Set in 1920s New York there are visits to places such as Coney Island and Central Park - much bird watching to undertake there. There is a mystery surrounding the search for a  valuable manuscript from the Middle Ages which makes for a climactic ending. ‘The Hudson Collection’ is a story with a great mystery, friendship to romance and an overarching theme of having faith by being loving and accepting of yourself. 

This review is based on a complimentary copy from the publisher in exchange for an honest review. Opinions expressed in this review are completely my own. The quoted material may have changed in the final release.

Sunday, May 26, 2024

Review: The Radio Hour

Title: The Radio Hour

Author: Victoria Purman

Publisher: 1st May 2023 by Harlequin Australia, HQ & MIRA

Pages: 320 pages

Genre: General Fiction (Adult) | Historical Fiction | Women's Fiction

Rating: 5 crowns


From the bestselling author of The Nurses' War comes this charming, funny, pointed look at the golden years of radio broadcasting in post-war Australia, celebrating the extraordinary unseen women who wrote the radio plays that held a nation captive. For readers of Lessons in Chemistry.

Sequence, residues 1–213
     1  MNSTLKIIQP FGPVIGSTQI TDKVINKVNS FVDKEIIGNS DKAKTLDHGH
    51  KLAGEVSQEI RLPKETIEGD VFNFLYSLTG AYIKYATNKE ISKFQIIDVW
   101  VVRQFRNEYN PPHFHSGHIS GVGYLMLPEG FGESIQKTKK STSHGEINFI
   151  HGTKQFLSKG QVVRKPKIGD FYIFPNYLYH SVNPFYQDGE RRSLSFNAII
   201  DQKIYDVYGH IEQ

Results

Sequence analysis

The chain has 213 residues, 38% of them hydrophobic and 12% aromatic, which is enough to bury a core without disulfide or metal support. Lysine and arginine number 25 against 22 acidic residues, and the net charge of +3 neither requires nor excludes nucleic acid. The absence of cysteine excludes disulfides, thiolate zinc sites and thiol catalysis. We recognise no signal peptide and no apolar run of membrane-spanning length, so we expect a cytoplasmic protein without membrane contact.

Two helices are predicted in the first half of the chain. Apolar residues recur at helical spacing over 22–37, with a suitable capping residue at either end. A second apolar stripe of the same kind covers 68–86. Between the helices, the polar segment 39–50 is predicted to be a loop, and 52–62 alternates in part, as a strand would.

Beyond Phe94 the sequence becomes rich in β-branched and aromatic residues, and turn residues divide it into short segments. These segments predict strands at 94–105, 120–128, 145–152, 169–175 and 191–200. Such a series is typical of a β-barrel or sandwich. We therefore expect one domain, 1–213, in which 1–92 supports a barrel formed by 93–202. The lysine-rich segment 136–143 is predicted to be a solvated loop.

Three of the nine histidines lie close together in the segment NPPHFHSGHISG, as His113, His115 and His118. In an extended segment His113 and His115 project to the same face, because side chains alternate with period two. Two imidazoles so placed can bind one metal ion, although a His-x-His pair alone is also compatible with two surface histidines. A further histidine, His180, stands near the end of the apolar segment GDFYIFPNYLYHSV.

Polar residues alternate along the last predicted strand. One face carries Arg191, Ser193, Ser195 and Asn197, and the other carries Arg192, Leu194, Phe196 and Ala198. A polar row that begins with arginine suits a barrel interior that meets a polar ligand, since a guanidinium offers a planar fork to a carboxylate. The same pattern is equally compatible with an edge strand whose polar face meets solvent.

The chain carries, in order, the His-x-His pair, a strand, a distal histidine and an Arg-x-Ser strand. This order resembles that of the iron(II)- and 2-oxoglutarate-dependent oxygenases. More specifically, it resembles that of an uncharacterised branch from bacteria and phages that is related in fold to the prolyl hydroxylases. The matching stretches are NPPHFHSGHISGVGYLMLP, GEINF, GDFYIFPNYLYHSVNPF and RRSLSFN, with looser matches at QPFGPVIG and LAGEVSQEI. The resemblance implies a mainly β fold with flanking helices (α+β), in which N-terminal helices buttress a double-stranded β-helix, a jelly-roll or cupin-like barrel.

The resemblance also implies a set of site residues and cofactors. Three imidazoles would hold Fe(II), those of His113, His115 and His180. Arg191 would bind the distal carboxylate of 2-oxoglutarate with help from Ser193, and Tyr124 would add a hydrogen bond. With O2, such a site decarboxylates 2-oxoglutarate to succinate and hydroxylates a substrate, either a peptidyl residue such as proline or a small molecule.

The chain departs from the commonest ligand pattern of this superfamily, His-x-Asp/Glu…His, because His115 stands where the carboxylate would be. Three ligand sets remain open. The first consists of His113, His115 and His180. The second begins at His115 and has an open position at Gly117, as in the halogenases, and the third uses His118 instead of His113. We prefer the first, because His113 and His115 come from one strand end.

Martha Berry is fifty years old, a spinster, and one of an army of polite and invisible women in 1956 Sydney who go to work each day and get things done without fuss, fanfare or reward.

Working at the country's national broadcaster, she's seen highly praised talent come and go over the years but when she is sent to work as a secretary on a brand-new radio serial, created to follow in the footsteps of Australia's longest running show, Blue Hills, she finds herself at the mercy of an egotistical and erratic young producer without a clue, a conservative broadcaster frightened by the word 'pregnant' and a motley cast of actors with ideas of their own about their roles in the show.

When Martha is forced to step in to rescue the serial from impending cancellation, she ends up secretly ghost-writing scripts for As The Sun Sets, creating mayhem with management, and coming up with storylines that resonate with the serial's growing and loyal audience of women listeners.

But she can't keep her secret forever and when she's threatened with exposure, Martha has to decide if she wants to remain in the shadows, or to finally step into the spotlight.

My Thoughts

Following on from her last novel A Woman’s Work, Victoria continues with her theme of women from Australia of the 1950s and I am 100% here for it! Love! Love! Love! This is most definitely Australia’s Lesson in Chemistry moment as it highlights so much of what women achieved through challenging opposition.